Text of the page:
From The CEO - January/February - 2016

A Change of Purpose

At the 2015 ATRA Powertrain Expo we covered a lot of topics in the management sessions; many were focused on leadership and employee development. One of the big issues for shop owners today is finding competent technical help. It’s a subject that sort of crept up on everyone until they couldn’t avoid it any longer. Some shops have even closed their doors because they couldn’t find technicians to do the work.

One of the things we arrived at during discussions is that, for a shop to meet this challenge, all of the training has to be available in house. That is, you’ll need to train your tech staff yourself (with a little help from ATRA).

But before we get into the aspects of training, it’s important that you establish — or reestablish — the purpose of your business. This’ll be key when bring in new staff. Purpose is another word for “the big picture.” It answers the question “why does your business exist?”

For this I’d like to offer two examples where the business purpose was improperly defined, which eventually caused the businesses to fail. Those examples are Kodak and Blockbuster.

Kodak was founded in 1888 and was the undisputed king of photography for over 100 years. Their purpose (reason for being in business) was primarily to make film. They made cameras and other products as well, but primarily they manufactured film.

In 1975, Kodak developed the first digital camera, but that product threatened the sale of film so they scrapped it. As the digital market forged ahead, Kodak was left behind, hanging onto a purpose that was out of alignment with consumers’ demands.

Kodak filed for bankruptcy in 2012. Had they established a purpose that was more along the lines of “To capture special moments in time, for all time,” their future might have been very different.

Blockbuster opened its first store in 1985 and quickly became the leader in movie rentals, with nearly 60,000 employees and over 9000 stores. Their purpose was to rent movies.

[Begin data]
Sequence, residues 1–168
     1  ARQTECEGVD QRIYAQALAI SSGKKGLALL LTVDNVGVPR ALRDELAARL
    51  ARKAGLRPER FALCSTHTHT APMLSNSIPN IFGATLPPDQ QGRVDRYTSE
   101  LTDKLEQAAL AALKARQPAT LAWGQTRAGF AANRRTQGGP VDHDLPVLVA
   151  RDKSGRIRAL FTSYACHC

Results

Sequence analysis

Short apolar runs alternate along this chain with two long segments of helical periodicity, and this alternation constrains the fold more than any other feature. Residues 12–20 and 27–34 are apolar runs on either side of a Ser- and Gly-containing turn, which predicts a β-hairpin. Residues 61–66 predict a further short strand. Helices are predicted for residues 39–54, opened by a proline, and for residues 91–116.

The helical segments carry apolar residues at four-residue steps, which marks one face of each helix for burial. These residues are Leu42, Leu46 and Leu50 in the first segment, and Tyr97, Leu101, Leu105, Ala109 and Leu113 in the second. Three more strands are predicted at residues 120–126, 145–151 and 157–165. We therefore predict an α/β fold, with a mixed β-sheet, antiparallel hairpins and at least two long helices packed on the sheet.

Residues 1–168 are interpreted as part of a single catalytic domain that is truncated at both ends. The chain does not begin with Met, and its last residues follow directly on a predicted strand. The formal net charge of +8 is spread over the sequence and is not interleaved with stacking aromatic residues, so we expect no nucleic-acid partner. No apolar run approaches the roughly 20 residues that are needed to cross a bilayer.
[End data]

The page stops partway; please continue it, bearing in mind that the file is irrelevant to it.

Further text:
Netflix opened in 1997 with the idea of providing on-demand entertainment. No more running to the store for a VHS or DVD (only to find they’re out of stock) or dealing with late fees. In 2000, Blockbuster passed on an opportunity to purchase Netflix, sticking to its model of movie rentals from a brick-and-mortar business. They filed bankruptcy in 2010. Netflix, on the other hand, is seeing profits that Blockbuster executives could only have dreamed of.

So, what’s the purpose of your business? If you believe it’s to rebuild transmissions, you might be setting yourself up like the executives of Kodak and Blockbuster. Not that I’m suggesting you stop rebuilding transmissions; far from it. Rather, I’m suggesting you define your purpose to expand beyond that.

How’s this for an example? “The purpose of my business is to help people with transmission problems get back on the road as quickly and cost effectively as possible.” That purpose includes rebuilding transmissions, just like you’re doing now, but it doesn’t limit your potential solutions. It also involves the customer, which is vital!

Notice that you’re really not changing your business model; just redefining your perception of that model. What’s interesting is that, once you’ve accepted this new definition, you’ll find yourself adjusting your operating strategy to fit that definition.

You’re still a transmission shop, but your focus will be more about how you can serve your customers than about rebuilding transmissions. You’ll be amazed at how much better your customers will respond to that new definition.

It’s also important to recognize that profit can’t enter into your purpose. Not that profit isn’t important; it is. But it can’t be your primary purpose. We’ve seen that time and time again: Serve your customers properly and the profits will take care of themselves.

Finally, your purpose has to be something that everyone in your shop can understand and get behind, particularly as you begin the work of training new technicians. Repeat it often, until it becomes automatic. Reiterate it whenever a job seems to be taking you in a new direction. You’ll be amazed at how your new purpose can keep you focused on what’s important… to you and your customers.

In this, and future issues, we’ll look at ways you can reach and train tomorrow’s technicians… in a way that aligns with your purpose. It’s a critical part of keeping your business moving forward.